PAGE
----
There are two things we want to touch up on here—default content and additional slots. Let’s look at default content first.

If we wanted to make our default sandwich be an avocado-only sandwich, we could make a small change to our component as follows.

<template>
  <div class="bread">
    <slot>
      🥑
    </slot>
  </div>
</template>

See how there’s now some default content in between the <slot> tags? This will become the default content for this slot. What this means is that if someone was to implement a Sandwich component without any content, they will get an avocado in the output.

<Sandwich /> // Will display 🥑 between the "bread"

Named Extra Slots

Another powerful feature that Vue gives us with slots is named slots. Sometimes you will find yourself in a situation where you want to be able to give the user of your component the ability to display custom content on several different places of your component.

In such cases, named slots are your friend. Consider our sandwich example. Maybe you want to be able to expose a slot on top of the bread that will allow for some grilling options.

Our component after some minor tweak will look like this.

<template>
  <div>
    <slot name="grilling"></slot>
    <div class="bread">
      <slot>🥑</slot>
    </div>
  </div>
</template>

Notice how our new slot element has the attribute of name set to grilling. This name is the reference that people using our component will call when adding content to that particular part of it. Keep in mind that you can add as many named slots as you need. Also, the same rules apply—named slots can have default content of their own.

Now, to actually put this new slot into use, we have to use a special syntax inside the parent component that is instantiating the <Sandwich>. You will add a new <template> element inside the component declaration, and add a v-slot:<slotName> property to it, where slotName is the name that we defined earlier in our component definition.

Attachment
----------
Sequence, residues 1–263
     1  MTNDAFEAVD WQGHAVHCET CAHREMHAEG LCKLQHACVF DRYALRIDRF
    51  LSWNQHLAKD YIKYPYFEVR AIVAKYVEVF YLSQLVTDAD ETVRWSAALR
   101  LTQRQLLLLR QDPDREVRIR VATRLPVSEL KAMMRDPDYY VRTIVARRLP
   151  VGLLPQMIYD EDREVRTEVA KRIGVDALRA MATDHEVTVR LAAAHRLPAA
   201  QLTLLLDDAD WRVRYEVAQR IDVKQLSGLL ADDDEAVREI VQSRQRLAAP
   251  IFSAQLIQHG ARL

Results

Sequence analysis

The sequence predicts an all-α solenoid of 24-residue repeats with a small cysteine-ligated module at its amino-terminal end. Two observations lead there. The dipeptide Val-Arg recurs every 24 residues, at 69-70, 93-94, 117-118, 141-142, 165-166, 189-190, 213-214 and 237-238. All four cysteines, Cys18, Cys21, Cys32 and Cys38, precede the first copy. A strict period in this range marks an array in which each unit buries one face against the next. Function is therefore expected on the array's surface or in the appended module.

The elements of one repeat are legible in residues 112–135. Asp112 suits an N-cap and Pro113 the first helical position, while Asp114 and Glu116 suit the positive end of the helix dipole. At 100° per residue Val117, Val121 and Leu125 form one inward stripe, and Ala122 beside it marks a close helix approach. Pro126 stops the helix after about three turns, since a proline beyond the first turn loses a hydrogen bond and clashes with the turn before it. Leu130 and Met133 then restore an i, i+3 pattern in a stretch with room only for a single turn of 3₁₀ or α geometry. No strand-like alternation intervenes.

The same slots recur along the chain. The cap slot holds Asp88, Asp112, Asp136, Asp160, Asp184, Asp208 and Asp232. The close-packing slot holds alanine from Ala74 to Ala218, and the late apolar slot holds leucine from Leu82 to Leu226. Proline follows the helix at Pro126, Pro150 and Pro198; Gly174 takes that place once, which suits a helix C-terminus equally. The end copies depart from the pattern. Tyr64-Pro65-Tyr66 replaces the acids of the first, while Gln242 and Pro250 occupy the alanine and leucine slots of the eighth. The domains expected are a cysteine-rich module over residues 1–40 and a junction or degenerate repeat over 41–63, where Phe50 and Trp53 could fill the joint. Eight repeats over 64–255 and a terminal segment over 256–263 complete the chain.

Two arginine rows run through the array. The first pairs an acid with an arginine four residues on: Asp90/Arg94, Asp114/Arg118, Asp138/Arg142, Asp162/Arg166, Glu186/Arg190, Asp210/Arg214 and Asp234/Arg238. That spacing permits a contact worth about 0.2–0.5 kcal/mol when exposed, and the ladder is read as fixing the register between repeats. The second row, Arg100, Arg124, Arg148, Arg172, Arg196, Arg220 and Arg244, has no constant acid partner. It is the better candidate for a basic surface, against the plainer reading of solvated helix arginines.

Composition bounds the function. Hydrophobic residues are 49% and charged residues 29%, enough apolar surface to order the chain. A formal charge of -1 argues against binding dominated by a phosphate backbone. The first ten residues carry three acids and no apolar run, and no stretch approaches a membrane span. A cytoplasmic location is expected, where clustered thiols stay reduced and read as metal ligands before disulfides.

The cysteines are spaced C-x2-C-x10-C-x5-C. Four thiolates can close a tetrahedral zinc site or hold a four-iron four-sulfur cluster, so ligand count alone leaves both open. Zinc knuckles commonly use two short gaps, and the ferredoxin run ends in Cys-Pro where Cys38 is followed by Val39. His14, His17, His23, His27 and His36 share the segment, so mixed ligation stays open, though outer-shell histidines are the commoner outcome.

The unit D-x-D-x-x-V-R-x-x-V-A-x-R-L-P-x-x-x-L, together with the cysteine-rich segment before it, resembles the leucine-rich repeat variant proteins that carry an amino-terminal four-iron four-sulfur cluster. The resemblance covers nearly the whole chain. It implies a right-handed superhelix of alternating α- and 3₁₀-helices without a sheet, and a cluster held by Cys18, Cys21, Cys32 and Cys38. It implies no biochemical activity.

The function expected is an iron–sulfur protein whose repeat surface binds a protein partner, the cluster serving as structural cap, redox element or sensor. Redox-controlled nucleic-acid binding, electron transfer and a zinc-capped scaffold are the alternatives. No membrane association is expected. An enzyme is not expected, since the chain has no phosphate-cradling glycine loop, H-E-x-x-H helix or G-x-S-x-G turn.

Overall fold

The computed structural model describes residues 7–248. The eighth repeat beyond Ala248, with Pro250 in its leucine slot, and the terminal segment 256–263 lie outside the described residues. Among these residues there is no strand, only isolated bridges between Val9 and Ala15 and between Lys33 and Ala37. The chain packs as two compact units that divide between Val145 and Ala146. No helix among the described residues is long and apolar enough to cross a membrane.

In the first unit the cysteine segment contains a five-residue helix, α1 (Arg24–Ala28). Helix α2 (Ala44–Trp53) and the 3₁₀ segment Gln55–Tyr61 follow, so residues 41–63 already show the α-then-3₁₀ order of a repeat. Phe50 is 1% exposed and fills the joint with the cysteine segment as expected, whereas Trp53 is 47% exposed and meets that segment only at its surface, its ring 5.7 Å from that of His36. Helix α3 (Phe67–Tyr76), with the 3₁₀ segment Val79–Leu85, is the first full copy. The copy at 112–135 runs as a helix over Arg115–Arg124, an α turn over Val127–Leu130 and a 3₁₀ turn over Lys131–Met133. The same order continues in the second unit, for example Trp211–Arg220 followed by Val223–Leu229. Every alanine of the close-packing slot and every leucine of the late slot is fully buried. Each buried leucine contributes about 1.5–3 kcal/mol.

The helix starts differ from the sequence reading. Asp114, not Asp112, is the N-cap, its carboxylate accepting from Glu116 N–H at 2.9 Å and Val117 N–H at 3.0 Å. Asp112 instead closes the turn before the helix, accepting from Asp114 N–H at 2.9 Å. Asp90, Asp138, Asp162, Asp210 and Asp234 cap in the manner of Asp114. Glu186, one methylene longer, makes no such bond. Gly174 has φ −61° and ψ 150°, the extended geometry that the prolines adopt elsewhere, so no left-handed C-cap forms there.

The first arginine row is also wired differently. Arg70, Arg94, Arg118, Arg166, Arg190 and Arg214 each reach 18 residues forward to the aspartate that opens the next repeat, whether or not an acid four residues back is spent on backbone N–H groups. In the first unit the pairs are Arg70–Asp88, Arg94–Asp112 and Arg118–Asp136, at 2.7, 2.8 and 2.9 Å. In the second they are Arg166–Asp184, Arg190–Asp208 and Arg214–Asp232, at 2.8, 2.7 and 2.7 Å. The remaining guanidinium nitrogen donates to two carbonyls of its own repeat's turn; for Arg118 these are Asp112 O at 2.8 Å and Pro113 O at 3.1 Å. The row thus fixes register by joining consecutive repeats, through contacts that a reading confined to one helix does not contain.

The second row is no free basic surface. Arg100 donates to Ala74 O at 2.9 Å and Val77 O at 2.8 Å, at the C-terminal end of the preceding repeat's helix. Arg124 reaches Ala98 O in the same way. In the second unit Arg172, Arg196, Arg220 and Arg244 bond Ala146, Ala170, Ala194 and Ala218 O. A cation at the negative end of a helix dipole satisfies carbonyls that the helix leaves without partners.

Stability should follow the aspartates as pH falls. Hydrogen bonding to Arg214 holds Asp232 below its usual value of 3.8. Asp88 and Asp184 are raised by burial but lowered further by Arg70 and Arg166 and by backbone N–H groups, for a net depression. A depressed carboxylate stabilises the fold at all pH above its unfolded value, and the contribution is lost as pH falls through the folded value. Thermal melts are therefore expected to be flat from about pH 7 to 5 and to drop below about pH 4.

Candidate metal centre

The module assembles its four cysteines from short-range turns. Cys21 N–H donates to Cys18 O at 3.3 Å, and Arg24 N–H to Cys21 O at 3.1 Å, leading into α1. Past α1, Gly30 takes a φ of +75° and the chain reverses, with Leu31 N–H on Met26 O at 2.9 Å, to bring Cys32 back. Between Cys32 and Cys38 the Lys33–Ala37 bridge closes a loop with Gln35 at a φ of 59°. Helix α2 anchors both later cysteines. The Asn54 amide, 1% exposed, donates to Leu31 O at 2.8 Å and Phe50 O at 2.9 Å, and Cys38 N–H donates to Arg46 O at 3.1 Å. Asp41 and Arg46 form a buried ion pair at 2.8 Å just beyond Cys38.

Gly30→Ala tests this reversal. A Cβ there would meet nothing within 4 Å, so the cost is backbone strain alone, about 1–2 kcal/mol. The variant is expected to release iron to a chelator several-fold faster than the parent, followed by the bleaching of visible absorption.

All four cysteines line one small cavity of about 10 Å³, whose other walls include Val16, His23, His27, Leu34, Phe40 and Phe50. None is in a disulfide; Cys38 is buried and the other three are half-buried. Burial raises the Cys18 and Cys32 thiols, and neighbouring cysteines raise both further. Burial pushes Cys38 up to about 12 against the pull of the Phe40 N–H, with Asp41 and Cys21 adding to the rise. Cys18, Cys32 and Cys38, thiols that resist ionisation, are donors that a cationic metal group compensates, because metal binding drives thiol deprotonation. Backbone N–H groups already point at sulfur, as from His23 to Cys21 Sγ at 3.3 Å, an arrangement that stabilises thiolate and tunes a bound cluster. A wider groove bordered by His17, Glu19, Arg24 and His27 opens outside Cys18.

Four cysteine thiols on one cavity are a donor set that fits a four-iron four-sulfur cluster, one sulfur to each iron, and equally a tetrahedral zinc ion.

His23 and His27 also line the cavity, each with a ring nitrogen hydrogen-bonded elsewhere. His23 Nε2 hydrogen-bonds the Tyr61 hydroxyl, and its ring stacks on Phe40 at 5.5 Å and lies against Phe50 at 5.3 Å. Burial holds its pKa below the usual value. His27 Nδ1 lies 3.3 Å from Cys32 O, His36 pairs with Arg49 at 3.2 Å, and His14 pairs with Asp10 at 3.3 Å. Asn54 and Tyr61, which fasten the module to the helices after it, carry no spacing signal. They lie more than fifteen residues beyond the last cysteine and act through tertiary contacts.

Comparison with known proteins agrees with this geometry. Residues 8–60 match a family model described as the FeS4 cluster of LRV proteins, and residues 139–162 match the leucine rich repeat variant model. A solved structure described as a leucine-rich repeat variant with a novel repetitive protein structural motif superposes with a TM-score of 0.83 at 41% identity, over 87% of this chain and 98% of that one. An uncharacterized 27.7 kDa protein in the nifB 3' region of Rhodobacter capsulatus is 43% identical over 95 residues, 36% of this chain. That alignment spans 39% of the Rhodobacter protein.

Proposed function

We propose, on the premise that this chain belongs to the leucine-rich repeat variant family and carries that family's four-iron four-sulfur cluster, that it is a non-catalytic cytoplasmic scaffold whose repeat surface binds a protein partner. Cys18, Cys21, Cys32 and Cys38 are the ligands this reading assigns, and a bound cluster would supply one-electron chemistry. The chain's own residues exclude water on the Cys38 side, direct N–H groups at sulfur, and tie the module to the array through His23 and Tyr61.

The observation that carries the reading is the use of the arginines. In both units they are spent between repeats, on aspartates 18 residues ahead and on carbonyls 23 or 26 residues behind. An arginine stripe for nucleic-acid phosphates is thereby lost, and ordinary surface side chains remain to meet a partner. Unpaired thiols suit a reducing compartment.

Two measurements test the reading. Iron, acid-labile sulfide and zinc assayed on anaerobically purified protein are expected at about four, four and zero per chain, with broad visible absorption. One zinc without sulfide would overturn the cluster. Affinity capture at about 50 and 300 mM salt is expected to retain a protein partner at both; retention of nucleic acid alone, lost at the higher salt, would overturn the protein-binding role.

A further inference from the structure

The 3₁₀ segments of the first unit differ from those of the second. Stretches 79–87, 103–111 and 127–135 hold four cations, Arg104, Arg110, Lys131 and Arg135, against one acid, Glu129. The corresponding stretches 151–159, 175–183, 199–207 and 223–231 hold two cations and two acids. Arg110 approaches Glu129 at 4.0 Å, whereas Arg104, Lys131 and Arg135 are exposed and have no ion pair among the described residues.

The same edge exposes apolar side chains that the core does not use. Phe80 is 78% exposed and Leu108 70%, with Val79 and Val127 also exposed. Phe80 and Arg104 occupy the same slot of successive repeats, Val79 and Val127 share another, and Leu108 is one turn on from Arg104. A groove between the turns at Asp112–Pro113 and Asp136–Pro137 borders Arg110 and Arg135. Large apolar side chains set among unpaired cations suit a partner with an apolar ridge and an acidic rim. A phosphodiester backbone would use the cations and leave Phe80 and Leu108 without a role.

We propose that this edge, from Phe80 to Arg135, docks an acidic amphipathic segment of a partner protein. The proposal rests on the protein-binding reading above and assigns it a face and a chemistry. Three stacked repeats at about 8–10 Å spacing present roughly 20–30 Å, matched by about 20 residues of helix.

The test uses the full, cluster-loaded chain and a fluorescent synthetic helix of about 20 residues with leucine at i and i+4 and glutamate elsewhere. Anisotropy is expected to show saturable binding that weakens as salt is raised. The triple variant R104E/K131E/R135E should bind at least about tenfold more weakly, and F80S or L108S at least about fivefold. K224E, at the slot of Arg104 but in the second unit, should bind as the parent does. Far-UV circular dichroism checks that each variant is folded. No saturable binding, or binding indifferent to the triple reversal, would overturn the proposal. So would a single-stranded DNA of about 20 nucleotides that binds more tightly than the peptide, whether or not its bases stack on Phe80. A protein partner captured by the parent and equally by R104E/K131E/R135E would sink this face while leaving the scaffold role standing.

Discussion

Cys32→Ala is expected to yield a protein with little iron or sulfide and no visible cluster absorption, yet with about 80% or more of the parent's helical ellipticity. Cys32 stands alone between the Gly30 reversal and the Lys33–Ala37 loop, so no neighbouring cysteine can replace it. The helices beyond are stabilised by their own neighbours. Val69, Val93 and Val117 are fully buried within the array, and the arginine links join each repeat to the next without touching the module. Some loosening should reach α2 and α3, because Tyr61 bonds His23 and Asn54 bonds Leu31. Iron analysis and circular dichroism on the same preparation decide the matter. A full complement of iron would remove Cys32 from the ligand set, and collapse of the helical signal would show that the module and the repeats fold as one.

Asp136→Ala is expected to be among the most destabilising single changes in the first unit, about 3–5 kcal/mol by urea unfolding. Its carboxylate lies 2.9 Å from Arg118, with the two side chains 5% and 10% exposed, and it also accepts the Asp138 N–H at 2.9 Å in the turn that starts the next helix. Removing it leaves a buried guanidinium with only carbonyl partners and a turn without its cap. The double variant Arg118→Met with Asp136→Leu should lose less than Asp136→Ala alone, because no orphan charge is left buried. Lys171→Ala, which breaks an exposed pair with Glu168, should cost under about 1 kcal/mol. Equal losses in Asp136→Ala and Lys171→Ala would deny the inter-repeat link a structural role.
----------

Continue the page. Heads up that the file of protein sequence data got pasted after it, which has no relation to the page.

<Sandwich>
  <template v-slot:grilling>🧀🧀🧀</template>
	🥑
    🧀
    🐷
</Sandwich>

This component will now have three servings of cheese on top of the bread! 🤤

For extra information on slots check out the official documentation.

Wrapping up

Understanding the first steps of slots inside Vue opens up the door for a ton of possibilities in regard to component composition. In the next part of this article, we will look at the more advanced side of slots: the scoped slot.

The code examples for this article can be found in the following sandbox: https://codesandbox.io/s/first-look-at-vue-slots-it3xv.

As always, thanks for reading and share with me your basic slot experiences on Twitter at: @marinamosti.

P.S. All hail the magical avocado! 🥑

P.P.S. ❤️🔥🐶☠️


Marina Mosti_2020
About the Author

Marina Mosti

Marina Mosti is a full-stack web developer with over 13 years of experience in the field. She enjoys mentoring other women on JavaScript and her favorite framework, Vue, as well as writing articles and tutorials for the community.

She currently holds a position as Lead FE Developer at VoiceThread, and she is the author of the FormVueLatte library as well as a member of the Vuelidate team. In her spare time, she enjoys playing bass, drums, and videogames.